According to Jamaica’s Memorandum of Economic and Financial Policies (Appendix to the Letter of Intent), “The Government is firmly committed to implementing policy reforms to fundamentally transform the Jamaican economy and create the conditions for strong and sustained growth. The overarching objectives of this programme are to put the public debt/GDP ratio firmly on a downward trajectory, entrench fiscal discipline and accountability, and significantly raise real GDP growth rates.”
The Standby Facility was designed to help Jamaica implement its two-year medium term economic programme, which include: reform of the public sector to substantially reduce the large budget deficit; a debt management strategy to reduce debt servicing costs; and reforms towards strengthening the financial sector
In order to make sure Jamaica’s recovery is sustainable in the long run, the programme also includes a number of reforms in key areas, including tax policy to improve collection and administration; public sector reforms to reduce costs and increase efficiency; and fiscal responsibility legislation to improve budget planning and public financial management and make the Government more accountable.
On the Jamaica Debt Exchange, Minister Shaw was proud to declare: “We have been fortunate and our strenuous preparations have been well-rewarded. The transaction, which opened on January 14, 2010, closed with a participation rate of 99.2 per cent on February 24.”
The transaction resulted in the weighted average maturity of the domestic debt moving from 4.5 years to 9 years—which was unprecedented. The average coupon on outstanding domestic debt declined by an average of 650 basis points to 12.5 per cent. The estimated annual interest cost savings for the Government is $41.0 billion.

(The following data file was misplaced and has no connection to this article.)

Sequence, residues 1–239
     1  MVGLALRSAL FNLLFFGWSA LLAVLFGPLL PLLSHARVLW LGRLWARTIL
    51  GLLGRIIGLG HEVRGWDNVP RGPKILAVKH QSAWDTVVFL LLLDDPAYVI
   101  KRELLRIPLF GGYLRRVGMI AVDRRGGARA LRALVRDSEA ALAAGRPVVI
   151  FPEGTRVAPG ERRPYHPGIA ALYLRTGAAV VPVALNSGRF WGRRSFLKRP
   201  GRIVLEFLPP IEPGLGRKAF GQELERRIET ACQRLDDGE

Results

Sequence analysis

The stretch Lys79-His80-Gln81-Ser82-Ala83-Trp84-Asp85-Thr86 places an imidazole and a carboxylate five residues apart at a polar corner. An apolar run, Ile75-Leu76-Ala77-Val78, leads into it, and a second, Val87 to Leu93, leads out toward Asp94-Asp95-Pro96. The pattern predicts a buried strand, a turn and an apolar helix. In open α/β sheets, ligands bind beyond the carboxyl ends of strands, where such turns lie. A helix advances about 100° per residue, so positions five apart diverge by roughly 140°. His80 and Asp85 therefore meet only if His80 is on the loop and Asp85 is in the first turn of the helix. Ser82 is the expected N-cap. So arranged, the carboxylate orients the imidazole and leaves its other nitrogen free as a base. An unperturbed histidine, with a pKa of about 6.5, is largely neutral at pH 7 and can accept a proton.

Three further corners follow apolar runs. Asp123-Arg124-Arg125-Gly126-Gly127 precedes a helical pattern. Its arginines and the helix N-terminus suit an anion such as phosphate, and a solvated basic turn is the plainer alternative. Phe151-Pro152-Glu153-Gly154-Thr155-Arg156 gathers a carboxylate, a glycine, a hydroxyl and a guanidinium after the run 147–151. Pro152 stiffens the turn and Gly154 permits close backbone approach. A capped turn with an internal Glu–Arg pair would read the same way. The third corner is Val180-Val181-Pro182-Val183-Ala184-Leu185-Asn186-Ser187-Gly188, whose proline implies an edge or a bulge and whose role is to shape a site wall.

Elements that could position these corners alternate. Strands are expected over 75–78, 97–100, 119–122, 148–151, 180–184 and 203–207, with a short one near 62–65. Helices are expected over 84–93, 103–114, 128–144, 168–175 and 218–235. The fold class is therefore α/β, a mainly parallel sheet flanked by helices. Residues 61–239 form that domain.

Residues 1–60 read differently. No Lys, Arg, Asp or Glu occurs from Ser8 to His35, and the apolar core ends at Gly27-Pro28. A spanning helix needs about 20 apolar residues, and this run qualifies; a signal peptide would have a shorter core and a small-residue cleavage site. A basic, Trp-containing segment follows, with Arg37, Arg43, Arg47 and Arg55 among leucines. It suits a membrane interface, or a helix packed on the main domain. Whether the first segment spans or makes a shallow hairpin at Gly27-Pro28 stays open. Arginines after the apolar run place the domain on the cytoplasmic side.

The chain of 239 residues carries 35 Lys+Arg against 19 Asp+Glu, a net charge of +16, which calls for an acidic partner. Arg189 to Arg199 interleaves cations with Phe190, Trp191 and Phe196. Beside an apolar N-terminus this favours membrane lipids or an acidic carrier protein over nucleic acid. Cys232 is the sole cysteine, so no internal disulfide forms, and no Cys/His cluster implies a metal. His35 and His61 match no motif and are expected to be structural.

In summary, the JDX achieved the following: $700 billion domestic debt refinanced from an average of 18 per cent to 12 per cent; 25 new benchmark securities replaced 350 illiquid bonds; and 99.2 per cent participation, the highest on record world-wide.
With the consolidation of the debt swop, Jamaica’s credit rating improved. “In the period following the debt exchange, credit rating agencies upgraded Jamaica's sovereign debt rating, Eurobond prices on sovereign bonds have rallied, and the Treasury Bill rates have fallen to around 10 per cent, the lowest levels seen since 1982. Furthermore, the income and valuation losses related to the debt exchange appear to have been smoothly absorbed by financial institutions,” the Finance Minister emphasised.
During the second half of the year, the Government’s divestment programme also shifted into high gear. The sale of Air Jamaica to Caribbean Airlines halted the losses which amounted to $10 billion in 2009. The Government also stepped up negotiation for the sale of its shares in the bauxite industry. GOJ holdings in Jamalco has been sold, resulting in an average monthly savings on operations cost of $1 billion. Clarendon Alumina Production has been divested, thus removing the burden of production losses caused by the forward-sale contract of 2005, which cost the Government almost $1 billion per month.
In addition, Highway 2000 is being re-financed in order to save the Government some $3 billion in annual interest payments. The divestment of the loss-making sugar factories and estates has been undertaken, while the privatisation of the Norman Manley International Airport and the sale of government shares in the Jamaica Public Service (JPS), the sole distributor of electricity in the island, are also targeted for divestment.
Monetary and Fiscal Developments:
Since the beginning of 2010, the following noteworthy fiscal and monetary targets have been achieved: